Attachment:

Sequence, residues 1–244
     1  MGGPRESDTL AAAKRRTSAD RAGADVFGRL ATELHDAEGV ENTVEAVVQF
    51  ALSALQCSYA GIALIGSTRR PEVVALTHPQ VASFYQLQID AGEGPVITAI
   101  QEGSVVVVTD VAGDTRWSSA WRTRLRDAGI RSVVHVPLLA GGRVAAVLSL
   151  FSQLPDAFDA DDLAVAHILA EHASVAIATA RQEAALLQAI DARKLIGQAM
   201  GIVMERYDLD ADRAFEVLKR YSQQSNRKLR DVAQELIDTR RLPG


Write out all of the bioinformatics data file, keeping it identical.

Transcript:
Sequence, residues 1–244
     1  MGGPRESDTL AAAKRRTSAD RAGADVFGRL ATELHDAEGV ENTVEAVVQF
    51  ALSALQCSYA GIALIGSTRR PEVVALTHPQ VASFYQLQID AGEGPVITAI
   101  QEGSVVVVTD VAGDTRWSSA WRTRLRDAGI RSVVHVPLLA GGRVAAVLSL
   151  FSQLPDAFDA DDLAVAHILA EHASVAIATA RQEAALLQAI DARKLIGQAM
   201  GIVMERYDLD ADRAFEVLKR YSQQSNRKLR DVAQELIDTR RLPG